In 75 BCE, during his trip to Rhodes in order to study with Apollonius Molon, Gaius Julius Caesar, 25 years old back then, was kidnapped by Cilician pirates. Piracy was widespread at the Mediterranean Sea. It was greatly due to Roman elites: since the pirates provided great deal of slaves, they did not send a Roman fleet against them. Those slaves were next used as workforce at huge estates in Italy.
A well-known anecdote expressed by Plutarch, says that Caesar, when being kidnapped, was told that the pirates wanted 20 talents as a ransom for him, burst with laughter. He said that it is not enough and proposed a ransom totaling 50 talents.
Consequently, Caesar sent his supporters to various cities in order to collect the needed amount. One friend and two slaves stayed with him. Allegedly, Caesar was very confident and arrogant, daring to scold pirates for talking to loudly and preventing him from falling asleep.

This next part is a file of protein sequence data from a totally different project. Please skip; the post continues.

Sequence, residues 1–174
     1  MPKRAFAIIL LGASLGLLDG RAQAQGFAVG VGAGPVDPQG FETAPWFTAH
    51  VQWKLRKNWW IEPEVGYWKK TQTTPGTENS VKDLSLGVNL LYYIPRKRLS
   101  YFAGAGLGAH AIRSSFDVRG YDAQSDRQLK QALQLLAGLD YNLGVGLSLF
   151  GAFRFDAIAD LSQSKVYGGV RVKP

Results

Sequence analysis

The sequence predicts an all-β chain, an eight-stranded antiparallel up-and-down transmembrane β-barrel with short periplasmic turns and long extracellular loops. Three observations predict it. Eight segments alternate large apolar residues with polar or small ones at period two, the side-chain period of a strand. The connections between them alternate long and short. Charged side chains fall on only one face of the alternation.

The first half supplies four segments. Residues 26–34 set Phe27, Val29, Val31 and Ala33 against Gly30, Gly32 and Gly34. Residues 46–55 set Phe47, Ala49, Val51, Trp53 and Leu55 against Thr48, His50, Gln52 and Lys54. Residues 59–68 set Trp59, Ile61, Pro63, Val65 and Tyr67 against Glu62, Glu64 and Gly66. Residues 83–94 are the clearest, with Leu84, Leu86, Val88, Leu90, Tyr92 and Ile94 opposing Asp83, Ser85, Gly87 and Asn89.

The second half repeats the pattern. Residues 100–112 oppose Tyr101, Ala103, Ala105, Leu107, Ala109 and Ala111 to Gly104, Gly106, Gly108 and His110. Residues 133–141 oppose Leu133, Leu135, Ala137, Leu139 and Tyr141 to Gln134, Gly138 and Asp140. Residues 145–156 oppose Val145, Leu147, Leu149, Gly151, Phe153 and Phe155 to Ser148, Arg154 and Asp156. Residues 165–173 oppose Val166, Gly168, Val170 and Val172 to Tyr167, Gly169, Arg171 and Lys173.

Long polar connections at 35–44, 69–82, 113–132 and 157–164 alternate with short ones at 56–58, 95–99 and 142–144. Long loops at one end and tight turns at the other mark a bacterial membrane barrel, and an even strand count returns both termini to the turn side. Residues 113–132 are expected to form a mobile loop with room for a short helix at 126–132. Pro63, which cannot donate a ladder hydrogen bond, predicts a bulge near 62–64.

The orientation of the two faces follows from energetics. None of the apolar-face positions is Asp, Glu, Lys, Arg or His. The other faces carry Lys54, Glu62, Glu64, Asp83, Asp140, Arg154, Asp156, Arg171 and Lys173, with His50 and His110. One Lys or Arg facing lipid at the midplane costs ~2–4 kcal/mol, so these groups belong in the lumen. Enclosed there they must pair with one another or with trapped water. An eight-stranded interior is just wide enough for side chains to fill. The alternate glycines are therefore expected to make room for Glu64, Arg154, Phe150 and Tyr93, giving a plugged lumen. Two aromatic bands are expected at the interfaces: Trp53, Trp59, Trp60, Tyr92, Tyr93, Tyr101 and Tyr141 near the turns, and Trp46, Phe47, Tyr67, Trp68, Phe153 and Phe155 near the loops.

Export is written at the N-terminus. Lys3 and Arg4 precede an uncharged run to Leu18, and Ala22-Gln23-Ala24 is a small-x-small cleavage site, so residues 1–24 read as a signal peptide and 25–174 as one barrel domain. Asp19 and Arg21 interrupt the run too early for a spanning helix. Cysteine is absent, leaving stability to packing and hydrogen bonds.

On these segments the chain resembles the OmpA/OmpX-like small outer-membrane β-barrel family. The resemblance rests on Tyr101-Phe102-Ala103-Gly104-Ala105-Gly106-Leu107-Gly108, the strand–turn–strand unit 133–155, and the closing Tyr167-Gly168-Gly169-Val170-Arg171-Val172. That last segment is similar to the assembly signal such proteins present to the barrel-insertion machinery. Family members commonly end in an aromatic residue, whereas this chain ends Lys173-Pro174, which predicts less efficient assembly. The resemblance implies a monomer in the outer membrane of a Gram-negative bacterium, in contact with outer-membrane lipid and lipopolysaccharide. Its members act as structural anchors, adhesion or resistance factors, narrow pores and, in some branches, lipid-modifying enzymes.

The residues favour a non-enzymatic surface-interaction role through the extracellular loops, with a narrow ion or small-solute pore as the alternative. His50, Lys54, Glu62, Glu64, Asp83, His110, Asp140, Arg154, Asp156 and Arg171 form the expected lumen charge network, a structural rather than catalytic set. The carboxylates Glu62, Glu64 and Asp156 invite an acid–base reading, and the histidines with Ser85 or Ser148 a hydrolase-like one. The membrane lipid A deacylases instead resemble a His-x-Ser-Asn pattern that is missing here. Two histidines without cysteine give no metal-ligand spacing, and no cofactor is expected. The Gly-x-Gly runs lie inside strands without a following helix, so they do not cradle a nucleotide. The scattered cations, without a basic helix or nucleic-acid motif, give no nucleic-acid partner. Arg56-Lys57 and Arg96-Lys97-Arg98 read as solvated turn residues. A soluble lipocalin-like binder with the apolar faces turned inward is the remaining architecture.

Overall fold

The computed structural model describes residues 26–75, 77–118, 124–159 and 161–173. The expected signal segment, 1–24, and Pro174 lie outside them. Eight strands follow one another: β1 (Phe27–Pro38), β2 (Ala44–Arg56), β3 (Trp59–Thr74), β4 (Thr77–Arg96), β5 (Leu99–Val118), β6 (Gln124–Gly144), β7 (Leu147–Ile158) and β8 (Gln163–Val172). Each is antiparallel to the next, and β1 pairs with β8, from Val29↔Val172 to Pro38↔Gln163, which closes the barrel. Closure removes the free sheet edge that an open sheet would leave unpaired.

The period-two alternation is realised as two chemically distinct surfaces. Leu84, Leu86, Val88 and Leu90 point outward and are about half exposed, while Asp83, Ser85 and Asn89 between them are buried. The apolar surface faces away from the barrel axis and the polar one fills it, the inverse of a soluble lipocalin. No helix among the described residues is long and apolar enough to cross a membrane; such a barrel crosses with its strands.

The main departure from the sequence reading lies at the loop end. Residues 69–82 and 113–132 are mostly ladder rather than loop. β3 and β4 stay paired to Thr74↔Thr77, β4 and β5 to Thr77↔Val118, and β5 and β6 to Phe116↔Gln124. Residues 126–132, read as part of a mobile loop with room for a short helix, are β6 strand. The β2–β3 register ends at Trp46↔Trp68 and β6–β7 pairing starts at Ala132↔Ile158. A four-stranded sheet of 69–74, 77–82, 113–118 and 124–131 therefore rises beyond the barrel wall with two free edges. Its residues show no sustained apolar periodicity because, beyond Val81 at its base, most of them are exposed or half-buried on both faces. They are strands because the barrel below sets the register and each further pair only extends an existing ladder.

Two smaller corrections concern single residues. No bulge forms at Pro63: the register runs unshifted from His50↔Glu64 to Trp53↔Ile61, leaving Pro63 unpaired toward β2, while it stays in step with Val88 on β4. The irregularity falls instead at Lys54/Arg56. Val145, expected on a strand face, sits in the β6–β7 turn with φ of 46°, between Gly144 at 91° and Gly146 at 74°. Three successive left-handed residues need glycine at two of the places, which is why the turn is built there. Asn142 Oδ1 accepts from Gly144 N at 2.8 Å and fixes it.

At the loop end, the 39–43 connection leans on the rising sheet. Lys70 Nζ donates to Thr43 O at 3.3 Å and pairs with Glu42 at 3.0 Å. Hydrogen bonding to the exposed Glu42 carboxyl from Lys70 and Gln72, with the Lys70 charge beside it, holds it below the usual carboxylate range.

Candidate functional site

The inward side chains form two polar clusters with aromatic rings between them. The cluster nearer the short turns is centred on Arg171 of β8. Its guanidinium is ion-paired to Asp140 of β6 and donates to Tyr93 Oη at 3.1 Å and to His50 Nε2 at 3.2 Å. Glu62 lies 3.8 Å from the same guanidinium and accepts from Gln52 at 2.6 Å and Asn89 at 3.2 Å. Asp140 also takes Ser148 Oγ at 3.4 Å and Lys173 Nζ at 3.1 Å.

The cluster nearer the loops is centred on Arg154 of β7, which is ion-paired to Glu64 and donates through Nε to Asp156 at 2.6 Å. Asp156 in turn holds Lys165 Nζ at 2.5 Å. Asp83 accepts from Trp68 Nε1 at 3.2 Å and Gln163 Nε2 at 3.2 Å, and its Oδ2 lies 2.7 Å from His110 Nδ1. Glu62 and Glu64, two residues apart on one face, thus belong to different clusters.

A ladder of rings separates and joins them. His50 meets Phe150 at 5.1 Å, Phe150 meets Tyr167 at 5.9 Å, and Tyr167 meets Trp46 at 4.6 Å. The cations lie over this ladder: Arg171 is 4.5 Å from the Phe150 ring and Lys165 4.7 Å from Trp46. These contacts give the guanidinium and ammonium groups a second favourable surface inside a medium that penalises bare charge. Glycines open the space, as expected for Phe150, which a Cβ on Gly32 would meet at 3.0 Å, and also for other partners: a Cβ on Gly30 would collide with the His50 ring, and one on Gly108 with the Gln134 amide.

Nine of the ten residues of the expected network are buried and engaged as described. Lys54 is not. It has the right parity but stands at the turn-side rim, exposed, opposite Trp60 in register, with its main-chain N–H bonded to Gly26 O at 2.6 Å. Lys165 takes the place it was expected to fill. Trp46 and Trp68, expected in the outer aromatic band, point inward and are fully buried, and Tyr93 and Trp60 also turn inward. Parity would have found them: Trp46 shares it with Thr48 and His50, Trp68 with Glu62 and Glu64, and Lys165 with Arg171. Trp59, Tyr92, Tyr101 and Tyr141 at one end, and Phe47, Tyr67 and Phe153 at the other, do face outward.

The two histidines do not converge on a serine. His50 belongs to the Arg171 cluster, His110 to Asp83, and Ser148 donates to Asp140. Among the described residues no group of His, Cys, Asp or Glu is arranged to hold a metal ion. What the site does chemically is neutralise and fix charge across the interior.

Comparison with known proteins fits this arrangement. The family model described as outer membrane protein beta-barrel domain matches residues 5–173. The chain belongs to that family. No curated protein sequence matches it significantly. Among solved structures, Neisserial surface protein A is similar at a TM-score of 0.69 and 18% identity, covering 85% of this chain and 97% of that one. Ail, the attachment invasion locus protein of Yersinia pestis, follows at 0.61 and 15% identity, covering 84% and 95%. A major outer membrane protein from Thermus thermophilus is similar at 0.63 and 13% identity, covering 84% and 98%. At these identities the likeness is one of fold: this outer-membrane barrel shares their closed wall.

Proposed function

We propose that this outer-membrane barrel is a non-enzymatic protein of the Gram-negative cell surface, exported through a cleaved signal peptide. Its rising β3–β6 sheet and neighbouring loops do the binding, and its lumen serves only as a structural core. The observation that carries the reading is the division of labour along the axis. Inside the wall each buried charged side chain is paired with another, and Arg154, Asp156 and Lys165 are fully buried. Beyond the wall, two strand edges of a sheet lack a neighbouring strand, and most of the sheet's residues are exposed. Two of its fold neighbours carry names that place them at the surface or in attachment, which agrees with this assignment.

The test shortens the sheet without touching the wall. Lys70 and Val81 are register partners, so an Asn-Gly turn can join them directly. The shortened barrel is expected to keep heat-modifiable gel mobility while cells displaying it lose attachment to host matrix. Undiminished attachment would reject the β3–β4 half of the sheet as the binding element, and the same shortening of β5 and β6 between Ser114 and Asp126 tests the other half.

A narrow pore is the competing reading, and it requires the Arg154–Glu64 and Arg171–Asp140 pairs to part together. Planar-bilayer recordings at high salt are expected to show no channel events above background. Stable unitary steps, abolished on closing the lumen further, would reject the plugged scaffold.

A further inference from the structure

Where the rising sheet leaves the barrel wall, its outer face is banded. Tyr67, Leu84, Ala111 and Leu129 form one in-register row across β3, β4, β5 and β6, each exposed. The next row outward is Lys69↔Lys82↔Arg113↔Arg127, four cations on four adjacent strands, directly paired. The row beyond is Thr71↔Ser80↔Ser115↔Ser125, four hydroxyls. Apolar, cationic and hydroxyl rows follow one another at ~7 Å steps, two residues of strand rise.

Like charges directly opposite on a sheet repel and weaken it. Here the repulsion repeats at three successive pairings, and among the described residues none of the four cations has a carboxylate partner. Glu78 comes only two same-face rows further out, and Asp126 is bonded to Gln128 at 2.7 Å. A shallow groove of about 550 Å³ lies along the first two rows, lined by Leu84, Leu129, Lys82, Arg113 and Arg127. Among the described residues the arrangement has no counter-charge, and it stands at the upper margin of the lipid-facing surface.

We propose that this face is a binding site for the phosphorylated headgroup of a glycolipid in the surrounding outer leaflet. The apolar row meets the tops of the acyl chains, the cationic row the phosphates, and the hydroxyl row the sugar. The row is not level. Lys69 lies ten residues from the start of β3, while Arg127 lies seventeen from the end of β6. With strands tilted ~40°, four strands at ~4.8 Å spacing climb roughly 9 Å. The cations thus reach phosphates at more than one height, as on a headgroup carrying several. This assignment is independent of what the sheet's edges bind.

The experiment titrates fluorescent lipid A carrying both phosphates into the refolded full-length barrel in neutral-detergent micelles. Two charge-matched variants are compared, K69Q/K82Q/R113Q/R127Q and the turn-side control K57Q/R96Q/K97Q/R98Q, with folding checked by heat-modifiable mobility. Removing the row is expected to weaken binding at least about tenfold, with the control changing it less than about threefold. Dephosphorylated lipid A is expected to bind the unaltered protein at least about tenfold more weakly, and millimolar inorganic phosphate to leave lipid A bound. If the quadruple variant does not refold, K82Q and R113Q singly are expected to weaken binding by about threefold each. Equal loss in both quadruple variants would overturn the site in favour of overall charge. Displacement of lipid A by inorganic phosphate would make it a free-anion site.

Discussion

He was held in captivity for 38 days, during which time he had fun, exercised and wrote poems and speeches. When he was presenting them to pirates, they mocked him. Furious, he called them illiterates and wildlings, also promising to crucify them all one day.
When the ransom was brought from the Greek city of Miletus, Caesar was released. Immediately after that, he gathered the Greeks, who were hostile to the pirates, and took revenge. He arrived on the island, incarcerated the pirates and put them in prison in Pergamon. Then he went to the intendant of province of Asia and praetor Marcus Junius Silanus so that he decided on the pirates’ fate.
However, when he was told that the decision could not be made straightaway, Caesar chose to deliver justice himself. He crucified all Cilician pirates, just as he promised during his captivity.